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What Does Life with EB Look Like?

September 3, 2015 by nohandsbutours 0 Comments

What does life with EB look like?

It looks like swinging on swings at the park.


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Epidermolysis Bullosa is a genetic connective tissue disorder. There are many types and sub-types, each affecting the individual in different ways. Regardless of type or sub-type, one thing that I have noticed about kids with EB, and their families, is the desire to live as normal a life as possible.

Epidermolysis Bullosa seems to be in the news more and more these days. Recently, I was talking to a mama about our daughter’s condition, and she responded, “Oh yes, I’ve heard about that!” Seven months ago, that may not have been the case. EB is definitely in the public eye. There are videos of brave kiddos making the rounds on social media alerting people to this condition, which is great. The more attention EB garners in the news or via celebrity appearances, the more funding we are likely to receive for research. This research works on solving a variety of common problems like chronic itchiness, or finding ways to help wounds heal faster, or even finding a cure.


What does life with EB look like?

It looks like practicing ninja moves before bedtime.


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Our daughter is pretty much like any other four-year-old, activity-wise. She does all the things her siblings do because she refuses to sit on the sidelines and just watch the fun happen. She wants to be a part of the party! And who can blame her?

Granted, there are precautions that must be made. For example, if we know we are going to be in the heat for a while, I come prepared with frozen water bottles and a fan to cool our little princess off. I bring a stroller with us most places in case her feet start to blister. I have a kit in our car with all of the supplies we have at home in case she needs to have a wound cared for while we’re out and about.

We plan our activities and outings around the weather during the summer months; outdoor craziness happens before lunchtime, and then we find indoor activities to do during the afternoons when the heat is at its worst. Overheating can cause more blistering to occur, but if we can work with it in South Texas, it can be worked with anywhere.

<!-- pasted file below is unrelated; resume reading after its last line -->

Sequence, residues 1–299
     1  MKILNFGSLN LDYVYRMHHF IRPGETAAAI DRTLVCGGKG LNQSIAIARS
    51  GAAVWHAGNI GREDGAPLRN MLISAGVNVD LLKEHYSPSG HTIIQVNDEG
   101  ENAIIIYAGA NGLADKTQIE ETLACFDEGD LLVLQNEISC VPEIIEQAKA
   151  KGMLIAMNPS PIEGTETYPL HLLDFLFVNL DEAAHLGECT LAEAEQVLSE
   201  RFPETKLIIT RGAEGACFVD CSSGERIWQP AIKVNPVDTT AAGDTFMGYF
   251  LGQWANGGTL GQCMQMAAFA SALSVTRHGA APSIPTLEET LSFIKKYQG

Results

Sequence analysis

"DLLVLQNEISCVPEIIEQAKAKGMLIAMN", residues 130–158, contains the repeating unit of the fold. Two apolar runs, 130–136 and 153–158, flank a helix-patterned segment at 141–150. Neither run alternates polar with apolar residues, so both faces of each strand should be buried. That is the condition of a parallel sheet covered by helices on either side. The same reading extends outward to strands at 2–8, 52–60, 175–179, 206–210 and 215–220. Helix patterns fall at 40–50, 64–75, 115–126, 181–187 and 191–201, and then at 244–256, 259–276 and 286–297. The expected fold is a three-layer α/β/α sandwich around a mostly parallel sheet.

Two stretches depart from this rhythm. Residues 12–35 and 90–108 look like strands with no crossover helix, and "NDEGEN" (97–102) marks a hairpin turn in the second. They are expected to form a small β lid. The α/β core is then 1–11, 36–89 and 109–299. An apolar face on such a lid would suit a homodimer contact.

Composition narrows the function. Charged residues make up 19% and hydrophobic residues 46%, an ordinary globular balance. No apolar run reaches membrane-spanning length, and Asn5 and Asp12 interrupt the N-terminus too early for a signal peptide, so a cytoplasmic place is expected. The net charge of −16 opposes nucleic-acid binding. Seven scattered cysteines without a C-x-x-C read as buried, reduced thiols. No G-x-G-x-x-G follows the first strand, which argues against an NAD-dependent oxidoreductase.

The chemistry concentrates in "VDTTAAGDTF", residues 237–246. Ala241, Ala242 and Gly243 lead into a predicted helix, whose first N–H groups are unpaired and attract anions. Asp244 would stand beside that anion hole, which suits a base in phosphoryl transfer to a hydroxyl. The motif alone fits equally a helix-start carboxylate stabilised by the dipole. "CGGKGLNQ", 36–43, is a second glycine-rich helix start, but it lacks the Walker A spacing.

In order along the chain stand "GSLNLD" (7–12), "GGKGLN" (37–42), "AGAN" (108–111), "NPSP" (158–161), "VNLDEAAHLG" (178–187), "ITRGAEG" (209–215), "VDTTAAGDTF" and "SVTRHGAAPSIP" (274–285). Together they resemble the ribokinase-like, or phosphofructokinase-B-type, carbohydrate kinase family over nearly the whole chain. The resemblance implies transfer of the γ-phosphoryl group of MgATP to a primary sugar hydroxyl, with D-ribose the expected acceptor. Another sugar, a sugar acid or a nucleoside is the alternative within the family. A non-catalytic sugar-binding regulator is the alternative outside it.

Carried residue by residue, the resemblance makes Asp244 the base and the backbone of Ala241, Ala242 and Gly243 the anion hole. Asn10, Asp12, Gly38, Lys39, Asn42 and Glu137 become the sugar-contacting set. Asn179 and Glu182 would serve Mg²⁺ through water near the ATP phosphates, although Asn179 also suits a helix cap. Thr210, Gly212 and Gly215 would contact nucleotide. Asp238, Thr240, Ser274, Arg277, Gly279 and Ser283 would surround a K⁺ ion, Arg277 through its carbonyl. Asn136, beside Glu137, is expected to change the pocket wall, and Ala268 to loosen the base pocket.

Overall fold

I know that when she plays hard, she might get hurt. That’s okay. She has spent too much time being sheltered from normal activity during her lifetime.

Wounds happen.

They. Just. Happen.

And it’s okay. We can bandage a boo-boo or decompress a blister. No problem. The time spent taking care of broken skin is well worth the experience of being a normal kid.


What does life with EB look like?

It looks like swimming on a hot summer day.


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We often encounter curiosity when we are out and about. Sometimes the curiosity is good, and we have the chance to educate and inform. Sometimes the curiosity looks like a kid yelling, “what’s wrong with her legs!” repeatedly in the grocery store while the mom ignores him and he continues to yell all the louder. Sigh.

Julianne is just starting to realize that moments like this happen because of the appearance of her skin, and these moments become a chance to talk about the importance of kindness and for us to reassure her that there is nothing “wrong” with her, that she is beautiful just the way she is. My heart will break as she encounters ugliness in the world. It’s unavoidable, really, and that’s tough to deal with some days.

Epidermolysis Bullosa is teaching us so much about perseverance in the face of adversity and how to love unconditionally, even when someone (intentionally ornot) hurts you.


What does life with EB look like?

It looks like bright smiles.